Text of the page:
Australians are now using their mobile devices more when in store, according to research into online consumer purchasing behaviour by LivePerson.
The vendor of online support solutions found in its Connect with Consumers report that a quarter of respondents use the mobile device to compare products and prices while in-store
LivePerson JAPAC VP and general manager, Dustin Dean, said the result was surprising as it indicates how quickly Australia is moving from a market perspective than other countries.
"That may be much more prevalent or growing at a faster rate than what we're seeing in other markets," he said.
A result that Dean was not as surprised with was that 90 per cent of respondents wanted real time assistance in a shopping experience.
"Finding that the vast majority of people surveyed want real time assistance is something we've seen ever since our company was founded in the late 90's with the goal of providing connections online, more than what a typical web site is capable of," he said.
"As a consumer, I personally want real time assistance, so I can understand and get what I want from my experience."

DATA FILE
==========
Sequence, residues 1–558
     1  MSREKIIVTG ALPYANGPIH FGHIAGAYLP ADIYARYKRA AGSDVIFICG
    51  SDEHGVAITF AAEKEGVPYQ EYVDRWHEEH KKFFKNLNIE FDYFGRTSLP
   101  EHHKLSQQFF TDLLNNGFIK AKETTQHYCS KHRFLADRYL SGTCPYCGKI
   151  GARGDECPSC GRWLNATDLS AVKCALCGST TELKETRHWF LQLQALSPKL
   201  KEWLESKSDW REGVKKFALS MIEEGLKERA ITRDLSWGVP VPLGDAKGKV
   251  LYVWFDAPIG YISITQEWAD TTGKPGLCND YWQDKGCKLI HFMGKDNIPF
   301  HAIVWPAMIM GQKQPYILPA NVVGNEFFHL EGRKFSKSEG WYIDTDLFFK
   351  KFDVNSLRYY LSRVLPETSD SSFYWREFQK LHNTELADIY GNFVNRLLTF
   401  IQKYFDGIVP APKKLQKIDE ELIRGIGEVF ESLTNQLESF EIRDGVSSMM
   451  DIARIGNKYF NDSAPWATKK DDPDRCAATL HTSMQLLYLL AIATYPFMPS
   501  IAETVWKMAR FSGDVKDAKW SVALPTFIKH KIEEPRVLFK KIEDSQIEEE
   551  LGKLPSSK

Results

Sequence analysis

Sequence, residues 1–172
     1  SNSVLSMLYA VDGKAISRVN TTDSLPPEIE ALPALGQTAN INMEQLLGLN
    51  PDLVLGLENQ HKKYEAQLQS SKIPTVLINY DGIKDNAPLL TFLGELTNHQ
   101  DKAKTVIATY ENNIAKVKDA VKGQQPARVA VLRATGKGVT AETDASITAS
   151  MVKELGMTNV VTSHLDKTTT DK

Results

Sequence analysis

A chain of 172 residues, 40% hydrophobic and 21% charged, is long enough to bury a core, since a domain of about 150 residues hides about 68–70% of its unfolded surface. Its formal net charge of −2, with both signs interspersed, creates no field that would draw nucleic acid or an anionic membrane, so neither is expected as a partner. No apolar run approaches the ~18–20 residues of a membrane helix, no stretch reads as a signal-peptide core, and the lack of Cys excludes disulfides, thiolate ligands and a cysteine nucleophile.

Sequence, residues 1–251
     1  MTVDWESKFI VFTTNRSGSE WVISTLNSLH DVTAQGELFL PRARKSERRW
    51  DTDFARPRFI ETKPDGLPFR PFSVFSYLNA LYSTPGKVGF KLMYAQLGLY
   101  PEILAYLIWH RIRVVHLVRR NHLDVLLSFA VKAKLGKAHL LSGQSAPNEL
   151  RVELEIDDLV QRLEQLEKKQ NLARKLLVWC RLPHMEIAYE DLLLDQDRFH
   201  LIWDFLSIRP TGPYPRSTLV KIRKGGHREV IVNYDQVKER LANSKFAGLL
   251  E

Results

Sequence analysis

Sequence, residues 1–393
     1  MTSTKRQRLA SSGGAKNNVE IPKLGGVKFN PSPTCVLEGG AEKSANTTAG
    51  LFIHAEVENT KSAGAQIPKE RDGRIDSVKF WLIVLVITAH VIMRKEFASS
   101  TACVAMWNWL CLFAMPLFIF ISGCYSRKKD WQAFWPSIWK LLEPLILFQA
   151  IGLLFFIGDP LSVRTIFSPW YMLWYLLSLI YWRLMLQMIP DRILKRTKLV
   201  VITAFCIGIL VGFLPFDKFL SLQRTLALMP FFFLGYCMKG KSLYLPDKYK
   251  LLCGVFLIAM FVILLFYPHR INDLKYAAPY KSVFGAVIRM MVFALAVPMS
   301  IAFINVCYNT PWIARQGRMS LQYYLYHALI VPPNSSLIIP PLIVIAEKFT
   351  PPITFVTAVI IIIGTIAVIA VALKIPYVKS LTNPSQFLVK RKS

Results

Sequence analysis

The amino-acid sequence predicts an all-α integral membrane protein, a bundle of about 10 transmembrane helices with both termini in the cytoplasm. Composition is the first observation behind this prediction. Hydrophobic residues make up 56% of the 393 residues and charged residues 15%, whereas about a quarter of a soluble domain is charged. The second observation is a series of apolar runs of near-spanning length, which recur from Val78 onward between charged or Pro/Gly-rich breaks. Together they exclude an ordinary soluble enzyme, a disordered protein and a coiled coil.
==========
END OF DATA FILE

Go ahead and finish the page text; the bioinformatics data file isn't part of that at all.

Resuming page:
A key discovery in the report was that over a third of Australian shoppers, the highest of all countries surveyed, abandon a website following difficulty in getting any online assistance.
The survey also found that more than half of Australian shoppers will abandon a site if help does not arrive in their expected timeframe.
As for why Australia topped this category, Dean begins by stating that the retail market in Australia has been "last to enter the online game."
"Financial services, telecommunications and even travel have been aggressive in going digital, but retail has not," he said.
"It is a product of the fact that Australia from an ecommerce perspective has lagged a bit, but it is now coming on heavily relative to general consumer preference, demand and expectation."
That may contribute to the higher percentage in Australia, but Dean said abandonment is a common thing the survey found around the world.
Beyond nationality, Dean said Australian consumers are no different than anywhere else in that they "want answers."
"They want support and information in real time and not after the fact, and not by moving to another channel," he said.
Another key finding in the report was 87 per cent of local shoppers admitting to seeking some form of help during the online shopping process.
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